If your kitty suffers from arthritis, your vet may prescribe prednisone to help manage her condition. Although prednisone won't cure your cat's arthritis, it can improve her quality of life, enabling her to cuddle and play again. Consult your vet with concerns about your cat's joint health or medications.
Arthritis in Cats
If your cat has arthritis, the cartilage that covers the articulating surfaces of some or all of her joints is worn down. This usually happens in response to joint stress or damage, and the disease will progress over time without treatment. Symptoms of severe arthritis in cats generally appear late in life and may include lameness, stiffness, joint swelling, muscle atrophy on the legs, behavioral changes, irritability and a reluctance to run, jump or play. As the disease progresses, your cat's pain, stiffness and loss of mobility will increase. Don't assume your cat has arthritis; only a vet can diagnose and prescribe treatment for your kitty.
Prednisone Arthritis Benefits
Prednisone is not a cure for arthritis in cats, but it can bring substantial relief. Prednisone and other glucocorticoid medications treat arthritis by relieving the inflammation that causes swelling, stiffness and pain. In addition to the direct benefits, prednisone helps cats with arthritis indirectly by improving mobility to promote increased activity and weight loss. Prednisone is converted to prednisolone in the liver.
Side Effects of Prednisone
Cats are less likely to develop side effects than dogs on prednisone. When side effects do occur, they usually include weight gain, gastrointestinal problems, behavioral changes, frequent urination, increased hunger and increased thirst. Because prednisone suppresses the immune system, your kitty is more likely to develop respiratory and urinary tract infections while undergoing arthritis treatment.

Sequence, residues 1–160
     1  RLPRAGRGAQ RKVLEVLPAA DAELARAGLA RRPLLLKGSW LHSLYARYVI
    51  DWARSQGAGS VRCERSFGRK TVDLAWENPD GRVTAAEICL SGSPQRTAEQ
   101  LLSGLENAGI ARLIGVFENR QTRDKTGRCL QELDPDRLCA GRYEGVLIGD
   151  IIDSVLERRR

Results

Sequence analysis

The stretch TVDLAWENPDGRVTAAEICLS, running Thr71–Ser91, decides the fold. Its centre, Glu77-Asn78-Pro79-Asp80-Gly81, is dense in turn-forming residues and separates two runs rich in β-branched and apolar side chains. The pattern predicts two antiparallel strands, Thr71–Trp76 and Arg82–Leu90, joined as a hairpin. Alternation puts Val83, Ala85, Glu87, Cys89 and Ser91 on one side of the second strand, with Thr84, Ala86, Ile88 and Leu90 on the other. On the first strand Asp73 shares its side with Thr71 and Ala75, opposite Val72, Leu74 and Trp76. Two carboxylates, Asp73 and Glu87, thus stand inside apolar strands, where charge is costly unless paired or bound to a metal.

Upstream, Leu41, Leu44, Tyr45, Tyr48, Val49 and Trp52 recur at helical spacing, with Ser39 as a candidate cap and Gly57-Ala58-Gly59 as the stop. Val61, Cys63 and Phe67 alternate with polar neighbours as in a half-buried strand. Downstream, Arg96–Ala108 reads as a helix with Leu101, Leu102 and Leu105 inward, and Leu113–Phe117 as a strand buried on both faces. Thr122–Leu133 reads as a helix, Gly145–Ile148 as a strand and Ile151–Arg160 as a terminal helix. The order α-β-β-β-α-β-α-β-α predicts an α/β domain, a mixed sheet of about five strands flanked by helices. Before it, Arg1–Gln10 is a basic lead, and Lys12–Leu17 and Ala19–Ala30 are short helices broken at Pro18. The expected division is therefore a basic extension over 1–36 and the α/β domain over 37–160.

Long-term Glucocorticoid Use
Avoid long-term use of prednisone unless there are no other options. If your kitty takes this medication over months or years, she may develop Cushing's syndrome or other complications. To ensure the lowest possible dose is needed for the shortest period of time, prednisone should be used in conjunction with weight loss, non-steroidal anti-inflammatory medications, physical therapy, lifestyle changes and joint supplements as recommended by your vet. It is extremely important to taper your cat off prednisone. Stopping the medication abruptly could lead to serious complications.
Always check with your veterinarian before changing your pet’s diet, medication, or physical activity routines. This information is not a substitute for a vet’s opinion.
Sandra Ketcham has nearly two decades of experience writing and editing for major websites and magazines. Her work appears in numerous web and print publications, including "The Atlanta Journal-Constitution," "The Tampa Bay Times," Visit Florida, "USA Today," AOL's Gadling and "Kraze Magazine."